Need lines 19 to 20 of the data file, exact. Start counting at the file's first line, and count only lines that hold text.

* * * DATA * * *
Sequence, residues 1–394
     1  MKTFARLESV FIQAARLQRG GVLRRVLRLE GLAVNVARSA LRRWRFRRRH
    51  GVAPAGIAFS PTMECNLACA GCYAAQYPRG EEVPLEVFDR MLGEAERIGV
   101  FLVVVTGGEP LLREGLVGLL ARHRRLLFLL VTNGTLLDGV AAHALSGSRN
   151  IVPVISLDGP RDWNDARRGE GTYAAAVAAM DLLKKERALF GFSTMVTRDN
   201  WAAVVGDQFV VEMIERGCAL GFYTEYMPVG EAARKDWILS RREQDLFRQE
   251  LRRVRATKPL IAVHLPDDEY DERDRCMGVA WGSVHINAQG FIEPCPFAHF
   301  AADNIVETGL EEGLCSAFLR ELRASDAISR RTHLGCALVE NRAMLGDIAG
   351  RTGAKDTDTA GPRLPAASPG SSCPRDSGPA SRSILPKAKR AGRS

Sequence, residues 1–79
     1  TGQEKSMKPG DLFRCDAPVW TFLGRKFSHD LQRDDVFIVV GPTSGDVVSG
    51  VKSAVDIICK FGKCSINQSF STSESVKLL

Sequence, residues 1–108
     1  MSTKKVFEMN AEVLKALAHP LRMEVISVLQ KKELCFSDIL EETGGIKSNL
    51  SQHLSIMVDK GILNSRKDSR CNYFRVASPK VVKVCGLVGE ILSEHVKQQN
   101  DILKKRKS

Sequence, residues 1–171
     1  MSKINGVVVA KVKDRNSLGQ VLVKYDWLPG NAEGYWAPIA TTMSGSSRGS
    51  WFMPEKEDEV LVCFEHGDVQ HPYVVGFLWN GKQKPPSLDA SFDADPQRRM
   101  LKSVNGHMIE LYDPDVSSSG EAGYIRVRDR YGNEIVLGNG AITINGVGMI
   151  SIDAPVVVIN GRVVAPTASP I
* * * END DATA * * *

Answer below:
    51  WFMPEKEDEV LVCFEHGDVQ HPYVVGFLWN GKQKPPSLDA SFDADPQRRM
   101  LKSVNGHMIE LYDPDVSSSG EAGYIRVRDR YGNEIVLGNG AITINGVGMI